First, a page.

Sub Prime Lending

Subprime lending (near-prime, non-prime, or second chance lending) is a financial term that was popularized by the media during the "credit crunch" of 2007 and involves financial institutions providing credit to borrowers who do not meet prime underwriting guidelines. Subprime borrowers have a heightened perceived risk of default, such as those who have a history of loan delinquency or default, those with a recorded bankruptcy, or those with limited debt experience.

Although there is no standardized definition, in the US subprime loans are usually classified as those where the borrower has a FICO score below 680. Subprime lending encompasses a variety of credit types, including mortgages, auto loans, and credit cards.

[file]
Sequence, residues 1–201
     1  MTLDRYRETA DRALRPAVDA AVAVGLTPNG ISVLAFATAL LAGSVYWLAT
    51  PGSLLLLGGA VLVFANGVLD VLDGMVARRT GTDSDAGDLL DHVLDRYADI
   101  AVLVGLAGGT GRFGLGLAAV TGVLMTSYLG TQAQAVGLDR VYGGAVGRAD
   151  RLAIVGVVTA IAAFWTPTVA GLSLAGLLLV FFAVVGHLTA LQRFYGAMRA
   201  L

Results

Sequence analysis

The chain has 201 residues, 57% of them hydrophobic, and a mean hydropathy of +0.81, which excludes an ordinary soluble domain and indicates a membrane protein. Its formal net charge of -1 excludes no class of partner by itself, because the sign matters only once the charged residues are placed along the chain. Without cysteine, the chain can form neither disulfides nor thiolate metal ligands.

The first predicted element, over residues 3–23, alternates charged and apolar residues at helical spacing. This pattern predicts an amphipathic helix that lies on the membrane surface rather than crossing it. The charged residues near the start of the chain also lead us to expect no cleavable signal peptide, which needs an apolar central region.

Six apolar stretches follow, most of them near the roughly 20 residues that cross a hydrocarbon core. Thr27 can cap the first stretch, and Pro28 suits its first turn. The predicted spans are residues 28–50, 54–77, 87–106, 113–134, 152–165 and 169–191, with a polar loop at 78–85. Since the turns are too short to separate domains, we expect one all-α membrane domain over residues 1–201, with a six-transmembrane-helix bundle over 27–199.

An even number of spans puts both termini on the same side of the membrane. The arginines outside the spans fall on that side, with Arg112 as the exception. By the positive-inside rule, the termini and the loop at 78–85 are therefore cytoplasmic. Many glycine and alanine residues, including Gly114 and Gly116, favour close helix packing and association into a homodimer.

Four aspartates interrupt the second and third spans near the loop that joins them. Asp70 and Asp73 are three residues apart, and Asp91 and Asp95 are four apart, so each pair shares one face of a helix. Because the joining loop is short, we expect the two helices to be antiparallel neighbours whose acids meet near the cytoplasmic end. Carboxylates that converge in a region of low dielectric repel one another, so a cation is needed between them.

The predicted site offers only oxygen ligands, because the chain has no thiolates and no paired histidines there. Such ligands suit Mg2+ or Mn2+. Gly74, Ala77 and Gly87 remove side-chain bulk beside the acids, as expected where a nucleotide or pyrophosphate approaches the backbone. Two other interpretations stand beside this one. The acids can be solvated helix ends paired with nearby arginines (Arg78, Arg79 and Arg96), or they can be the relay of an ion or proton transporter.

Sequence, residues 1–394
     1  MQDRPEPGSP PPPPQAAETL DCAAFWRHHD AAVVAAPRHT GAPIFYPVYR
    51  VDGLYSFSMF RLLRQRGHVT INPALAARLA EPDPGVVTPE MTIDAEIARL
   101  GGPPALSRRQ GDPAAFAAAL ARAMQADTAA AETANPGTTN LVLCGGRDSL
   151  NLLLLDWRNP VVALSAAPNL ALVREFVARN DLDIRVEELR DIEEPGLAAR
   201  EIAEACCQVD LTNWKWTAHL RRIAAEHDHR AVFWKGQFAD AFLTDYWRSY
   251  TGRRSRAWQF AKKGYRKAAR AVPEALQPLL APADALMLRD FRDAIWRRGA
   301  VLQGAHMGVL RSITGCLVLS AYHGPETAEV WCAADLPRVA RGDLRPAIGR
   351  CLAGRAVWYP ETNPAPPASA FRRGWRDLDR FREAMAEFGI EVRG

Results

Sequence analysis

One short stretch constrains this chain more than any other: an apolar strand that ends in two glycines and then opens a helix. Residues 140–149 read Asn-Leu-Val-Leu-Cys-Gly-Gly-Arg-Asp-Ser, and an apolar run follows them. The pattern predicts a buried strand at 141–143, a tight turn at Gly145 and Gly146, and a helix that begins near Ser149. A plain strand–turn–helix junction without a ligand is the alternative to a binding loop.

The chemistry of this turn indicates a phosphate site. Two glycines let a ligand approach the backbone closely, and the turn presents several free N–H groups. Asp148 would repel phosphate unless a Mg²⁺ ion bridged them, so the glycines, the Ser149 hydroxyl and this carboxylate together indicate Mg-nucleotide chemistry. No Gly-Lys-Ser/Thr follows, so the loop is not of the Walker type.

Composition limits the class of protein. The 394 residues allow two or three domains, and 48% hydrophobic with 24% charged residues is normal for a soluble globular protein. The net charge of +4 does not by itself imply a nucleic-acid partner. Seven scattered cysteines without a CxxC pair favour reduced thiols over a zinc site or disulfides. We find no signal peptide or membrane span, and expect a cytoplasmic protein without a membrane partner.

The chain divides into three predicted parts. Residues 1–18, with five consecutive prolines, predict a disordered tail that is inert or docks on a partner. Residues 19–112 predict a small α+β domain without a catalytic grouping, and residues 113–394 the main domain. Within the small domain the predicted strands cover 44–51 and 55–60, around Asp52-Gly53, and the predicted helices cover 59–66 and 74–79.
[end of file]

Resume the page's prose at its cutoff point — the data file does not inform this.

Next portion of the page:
Subprime could also refer to a security for which a return above the "prime" rate is adhered, also known as C-paper. The term subprime often correlates with non-conforming loans, or those that do not meet Fannie Mae or Freddie Mac guidelines. Those guidelines may be the size of the loan, a high debt-to-income ratio or lack of income documentation provided.

The Wall Street Journal reported in 2006 that 61 percent of all borrowers receiving subprime loans had credit scores high enough to qualify for prime conventional loans.
Proponents of subprime lending maintain that the practice extends credit to people who would otherwise not have access to the credit market

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